I had a few self-imposed guidelines for what I wanted the team to get from this user feedback:

  • Praise for the things we are doing well
  • A clear picture of the top pain points our users experience
  • Suggestions for what action could have the biggest impact

Here’s a template showing how I organized my report:

- Number of reviews
- Average rating
- How ratings are weighted (evenly spread? split between 1 and 5 stars?)

- Features or experiences that our users enjoy and appreciate
- 2-3 quotes from positive reviews

What did users mention in their reviews?
- The top three issues mentioned in reviews
- For each issue, an explanation of its impact (how many or what percentage of reviews mentioned it? what were the star ratings for those issues?) and a little context about what exactly users discussed and your interpretation of the source of the problem
- Links to any open bug or enhancement issues the team is already tracking, or any ongoing work related to the issue

Suggestions for followup:
- One or two projects, or open issues in the bug tracker, that the team could make a top priority to help address this feedback
- Any other user feedback (for example, from customer support interactions) that could shed additional light on the feedback in the reviews

I shared this with our entire mobile app team (along with the spreadsheets with the raw data), inviting questions and discussion. Although we haven’t taken action on every single issue, it has led to some quick wins, reprioritizing, and planning ahead with our users in mind.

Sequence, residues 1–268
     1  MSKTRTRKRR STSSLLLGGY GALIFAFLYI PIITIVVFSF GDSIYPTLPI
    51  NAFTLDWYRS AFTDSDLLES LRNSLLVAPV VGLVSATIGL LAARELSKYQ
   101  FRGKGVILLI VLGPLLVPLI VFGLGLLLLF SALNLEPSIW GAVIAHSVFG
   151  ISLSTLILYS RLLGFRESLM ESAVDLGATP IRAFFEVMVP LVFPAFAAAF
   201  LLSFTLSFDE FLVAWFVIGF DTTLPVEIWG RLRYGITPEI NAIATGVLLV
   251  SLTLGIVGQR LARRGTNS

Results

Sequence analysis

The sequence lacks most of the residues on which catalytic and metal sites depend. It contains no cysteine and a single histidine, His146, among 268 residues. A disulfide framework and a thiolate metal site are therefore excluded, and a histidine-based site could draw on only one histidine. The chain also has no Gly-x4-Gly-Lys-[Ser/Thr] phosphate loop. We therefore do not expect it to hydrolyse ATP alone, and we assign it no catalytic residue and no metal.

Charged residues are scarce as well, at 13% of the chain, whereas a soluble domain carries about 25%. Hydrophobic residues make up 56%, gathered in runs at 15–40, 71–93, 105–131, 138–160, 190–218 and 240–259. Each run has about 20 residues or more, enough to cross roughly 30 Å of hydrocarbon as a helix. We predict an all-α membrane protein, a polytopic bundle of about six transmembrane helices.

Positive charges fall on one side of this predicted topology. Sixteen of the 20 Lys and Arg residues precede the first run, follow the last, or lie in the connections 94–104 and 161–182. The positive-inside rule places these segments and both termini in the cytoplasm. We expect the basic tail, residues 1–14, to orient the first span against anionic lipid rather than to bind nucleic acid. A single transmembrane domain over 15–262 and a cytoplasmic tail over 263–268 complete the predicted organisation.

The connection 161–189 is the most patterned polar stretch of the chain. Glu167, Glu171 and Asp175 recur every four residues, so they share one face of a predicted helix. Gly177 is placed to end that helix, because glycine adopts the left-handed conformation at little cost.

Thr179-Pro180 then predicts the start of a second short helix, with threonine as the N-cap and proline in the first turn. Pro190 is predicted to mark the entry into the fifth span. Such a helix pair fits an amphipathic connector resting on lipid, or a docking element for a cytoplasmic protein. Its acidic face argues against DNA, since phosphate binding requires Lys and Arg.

I hope this is useful to you and your team! If you try it out, let me know how it goes. And if you have ideas for how to improve this process, I’d love to learn from you.


Embracing Openness

An exciting part of working at Automattic is the open source philosophy. It’s thrilling to help open source projects like Calypso (the new, even in a small way. I spent a chunk of time last year reviewing open bug reports, enhancement requests, and the like before the project was open sourced — it’s fun to see (and help with) new issues that come up as more people work with, get inspired by, and contribute to Calypso.

Open source isn’t just about developers, either — I do a lot of my day-to-day work in the open. I used to mainly provide support out in the open, helping users in the forums. These days I spend most of my time in the WordPress app repos, reporting and testing issues in the open there. (If you’d like to get involved, I also started posting calls for testing the WordPress apps over at Make WordPress Mobile.)

In the spirit of open testing, Automattic also recently released the Automated end-to-end tests into the open. I’m so glad we can share the awesome work that our QA and testing folks are doing. I’d also highly recommend checking out my coworker Alister’s blog WatirMelon for more testing talk.

Openness can really be part of everyone’s work — from open source, to open testing, and open support. Being open helps us learn from each other, inspire each other, and keep us aware of and oriented toward the wider community in which we work.

Using WordPress. On Android. On a Mac.

I recently read an article on The Verge about how you can run Android apps on a Mac (or PC) using Chrome. That was all the invitation I needed to try it out. So off I went to find the three things I needed:
1. An APK
2. A PC, Mac, Linux, or Chromebook on Chrome Version 41+.
3. The ARC Welder app